Promoting Michigan Dog Events, Products, and Services

The Michigan Canine Resource Guide is a unique publication targeted to dog owners in Michigan.   Beth Mitchell launched this guide to dog-related events, products, and services in Michigan in 2015 and it has steadily grown as more organizations and advertisers contribute.

Beth was inspired by the Arizona Equine Resource Guide,  published by her sister who is active in equine events in that state.  Beth didn’t have a horse, but she does have a dog, and she had spent a lot of time and energy finding the best resources to train her dog and resolve some behavior issues.  She thought there had to be other people looking for a central repository of information on dog events and dog-related services, so the Michigan Canine Resource Guide was born.

Beth started gathering content for the publication in 2014, creating a dog-themed cover and using her sister’s equine guide as an example of the type of content (with horses) that would be featured.  She had booths at dog shows and dog expos around the state and asked people she met at those events how they publicized their events, then explained how the Guide could expand their audience.  She also asked for referrals to other types of events and host organizations she should include.  She solicited ads from other event vendors and asked for referrals to canine professionals, retailers, and manufacturers to find other potential advertisers.  Many lunch hours on her day job included ad sales calls!  Event-giving clubs and organizations are encouraged to contribute dog events for the calendar to help make the publication as complete as possible; there is no charge for the listing.  Advertisers not only appear in the publication, their events are promoted through weekly emails, they are listed in an online directory, and they contribute articles and blog posts that appear in the publication, on the website, or both. Beth retains a creative director who produces ads and other content as needed and has several part-time ad salespeople recruited from the dog community.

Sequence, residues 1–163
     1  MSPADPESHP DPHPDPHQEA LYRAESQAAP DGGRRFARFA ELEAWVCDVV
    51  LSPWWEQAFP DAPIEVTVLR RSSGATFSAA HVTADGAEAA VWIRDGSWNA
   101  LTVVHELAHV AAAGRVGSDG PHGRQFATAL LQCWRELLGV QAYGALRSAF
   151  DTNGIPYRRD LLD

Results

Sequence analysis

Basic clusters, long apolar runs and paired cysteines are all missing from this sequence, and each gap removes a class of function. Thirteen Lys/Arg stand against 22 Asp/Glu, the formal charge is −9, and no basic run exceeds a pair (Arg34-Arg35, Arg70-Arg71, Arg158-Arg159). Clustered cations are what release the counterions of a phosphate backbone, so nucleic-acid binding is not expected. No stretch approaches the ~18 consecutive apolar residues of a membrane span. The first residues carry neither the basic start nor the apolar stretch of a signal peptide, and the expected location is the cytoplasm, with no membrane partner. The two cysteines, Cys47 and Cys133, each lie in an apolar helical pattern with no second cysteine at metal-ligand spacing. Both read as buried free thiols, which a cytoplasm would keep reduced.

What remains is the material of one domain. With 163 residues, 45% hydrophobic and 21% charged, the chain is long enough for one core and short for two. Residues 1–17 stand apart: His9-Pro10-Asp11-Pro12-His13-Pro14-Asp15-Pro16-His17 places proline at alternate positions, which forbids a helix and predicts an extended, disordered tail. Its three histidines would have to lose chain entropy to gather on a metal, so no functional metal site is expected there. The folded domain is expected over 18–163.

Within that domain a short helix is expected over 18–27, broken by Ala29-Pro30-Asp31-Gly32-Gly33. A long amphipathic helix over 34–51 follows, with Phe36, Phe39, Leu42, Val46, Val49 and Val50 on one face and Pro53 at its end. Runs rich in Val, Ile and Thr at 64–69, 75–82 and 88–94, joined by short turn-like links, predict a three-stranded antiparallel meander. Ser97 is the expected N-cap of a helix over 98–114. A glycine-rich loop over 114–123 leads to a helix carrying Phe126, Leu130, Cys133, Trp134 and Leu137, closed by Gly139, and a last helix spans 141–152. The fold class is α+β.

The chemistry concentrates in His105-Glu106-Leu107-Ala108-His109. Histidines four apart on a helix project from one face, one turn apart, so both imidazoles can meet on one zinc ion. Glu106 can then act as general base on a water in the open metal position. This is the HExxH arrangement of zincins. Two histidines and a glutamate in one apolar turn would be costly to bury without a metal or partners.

The publication is still promoted through booths at select dog events, and every year Beth attends new events to reach a wider audience.  The guides are distributed free at dog events, participating businesses, and pet specialty retailers.  The guide can be viewed interactively online or downloaded in pdf format from the Michigan Canine Resource Guide website.   In addition to the guide itself, the Michigan Canine Resource Guide has an online calendar of events on their website, a directory listing for all advertisers,  and blog posts on a variety of canine topics.  The Guide also has a Facebook page as well as Instagram and Twitter (@MiDogGuide) accounts. It stays in contact with dog enthusiasts through an opt-in weekly newsletter and advertisers also have an option to send sponsored emails to subscribers.  As the publication has grown, Beth has upgraded her marketing tools and currently uses WordPress for the website and MailChimp to manage her email subscription list.